Cover songs can be tricky. A balancing act that often results in calamity. Lean too far one way and be accused of musical blasphemy; keep things too safe and be reliably informed you shouldn’t have bothered in the first place. So with that in mind, surely an album consisting entirely of cover versions is just asking for trouble, isn’t it?Continue reading
W.A.S.P. has canceled its previously announced “1984 To Headless” European tour due to the coronavirus pandemic. The highly anticipated tour, which was scheduled to kick off on September 15 in Malmö, Sweden and run through November 7 in Pratteln, Switzerland, was supposed to be a celebration of hits from the band’s first four albums: 1984’s self-titled debut, 1985’s “The Last Command”, 1986’s “Inside The Electric Circus” and 1989’s “The Headless Children”.
It’s hard to believe that fifteen years have passed since power metal supergroup Demons and Wizards released their last album. A collaborative effort between Hansi Kürsch of Blind Guardian and Jon Schaffer from Iced Earth, the two frontmen finally found the time amid their busy schedules to work together once again, returning to the project so widely anticipated by their legion of devoted fans.Continue reading
Calling it a day nearly fifteen years and five full-length albums after their inception, Norway’s Chrome Division are riding off into the sunset with one final record to send them on their way.Continue reading
In this exclusive album preview for Ghost Cult, Wintersun mastermind Jari Mäenpää discusses is his biggest musical influences. You can watch the video below. Continue reading
When Battle Beast guitarist and co-founder Anton Kabanen left the band in 2015 shortly after their third album Unholy Savior (Nuclear Blast) had topped the charts in their native Finland, it left the remaining members somewhat unsure of their future.Continue reading
The 2017 Hellfest Open Air Festival will be taking place from June 16th-18th in Clisson, France next year, and the final lineup has now been confirmed. Continue reading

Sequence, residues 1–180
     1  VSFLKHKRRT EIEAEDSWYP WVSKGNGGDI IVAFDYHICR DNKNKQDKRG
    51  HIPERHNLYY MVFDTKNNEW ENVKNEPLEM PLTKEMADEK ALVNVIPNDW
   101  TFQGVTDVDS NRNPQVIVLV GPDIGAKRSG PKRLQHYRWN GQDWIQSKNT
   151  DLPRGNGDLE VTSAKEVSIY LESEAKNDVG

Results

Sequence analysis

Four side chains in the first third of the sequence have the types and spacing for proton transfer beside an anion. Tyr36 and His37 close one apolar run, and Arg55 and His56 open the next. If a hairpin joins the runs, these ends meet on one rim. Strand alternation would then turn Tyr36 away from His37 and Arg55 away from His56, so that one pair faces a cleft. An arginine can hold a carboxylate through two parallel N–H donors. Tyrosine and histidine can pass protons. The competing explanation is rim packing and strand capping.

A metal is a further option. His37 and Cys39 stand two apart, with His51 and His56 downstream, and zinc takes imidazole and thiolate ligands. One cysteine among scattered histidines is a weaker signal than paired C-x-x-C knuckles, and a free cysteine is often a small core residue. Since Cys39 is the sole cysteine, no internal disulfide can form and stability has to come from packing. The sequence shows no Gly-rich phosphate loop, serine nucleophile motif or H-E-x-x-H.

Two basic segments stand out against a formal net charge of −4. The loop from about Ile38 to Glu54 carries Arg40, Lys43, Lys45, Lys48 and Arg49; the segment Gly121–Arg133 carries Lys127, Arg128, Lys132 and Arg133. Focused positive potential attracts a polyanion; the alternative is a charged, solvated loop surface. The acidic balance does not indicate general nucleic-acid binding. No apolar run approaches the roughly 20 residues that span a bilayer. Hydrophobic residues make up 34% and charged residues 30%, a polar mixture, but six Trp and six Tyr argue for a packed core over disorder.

Having undergone so many changes in personnel during their 33 year career, it’s difficult to think of W.A.S.P.as anything but The Blackie Lawless Band these days. Texan frontman Lawless is (and has been for years) the only remaining member of the band which scared the pants off the PMRC and middle class parents everywhere back in the eighties.
For a while, his partnership with former guitarist and vodka receptacle Chris Holmes delivered some of the best US Heavy Metal of the 1980s, but constant upheaval helped stop the band ever making that final huge step into the big time. The one thing W.A.S.P. lacked was a consistent and definitive line-up.
Even before the release of their self-titled 1984 debut, musicians were already beginning to form a conga line outside the revolving door of W.A.S.P. HQ. Along with Lawless, change (although not as frequent as the likes of Megadeth or Anthrax) has always been the band’s only other constant.
Over the years though, that same problem which held them back actually became, for a time anyway, an advantage. As many of their contemporaries split up due to “personal and/or musical differences”, W.A.S.P. were able to carry on. In fact, after Holmes left, Lawless went onto write W.A.S.P.’s finest hour, The Crimson Idol (Capitol).
Success faded during the ’90s; raw meat shock value theatrics replaced by “Unplugged” albums, Marilyn Manson and Korn. Lawless plugged away regardless though, even experimenting with a darker, more industrial sound for a while (although that was thankfully short-lived), able to continue with a relatively successful career on his own terms.
However, a problem with being a band’s primary songwriter for such a lengthy period is a tendency towards repetition. Rewriting old songs is something Lawless has been guilty of before, and it happens again on the first track of new album, Golgotha (Napalm).
With more than a passing resemblance to ‘Crazy’ from previous album Babylon (Demolition), which in turn sounded like fan favourite ‘Wild Child’, opener ‘Scream’ possesses an unnaturally strong sense of familiarity, but it’s actually a surprisingly enjoyable one. Carbon copy or not, ‘Scream’ is a belter. ‘The Last Runaway’ is up next, a bouncy, uptempo track with an infectious chorus, and then the familiarity returns with ‘Shotgun’ and its’ ’95 NASTY’ meets The Who vibe. Things slow down a little with ‘I Miss You’, arguably one of the best slow songs Lawless has ever penned. Originally written for The Crimson Idol, it features a beautifully tortured vocal performance, and a great solo from guitarist Doug Blair. As the record continues, so does the quality. Easily the most consistent album they’ve put out for years, It’s virtually impossible to pinpoint a weak moment. And if there is one, then it certainly isn’t the title track, a seven minute epic with a chorus which sounds like Blackie sang it on his knees.
Golgotha is a W.A.S.P. album made for W.A.S.P. fans and makes you feel like you’ve slipped into an old pair of comfortable shoes. But shoes with a lot more life left in them than you originally believed.
I saw Slayer open for W.A.S.P. in a small town in Texas on the Reign in Blood (Def Jam) tour. Slayer was out of hand, I remember blacking out from being crushed in the mosh pit. And then everyone left when W.A.S.P. came on. Blackie Lawless was so pissed! It was the end of the bullshit hair-era and the dawn of thrash!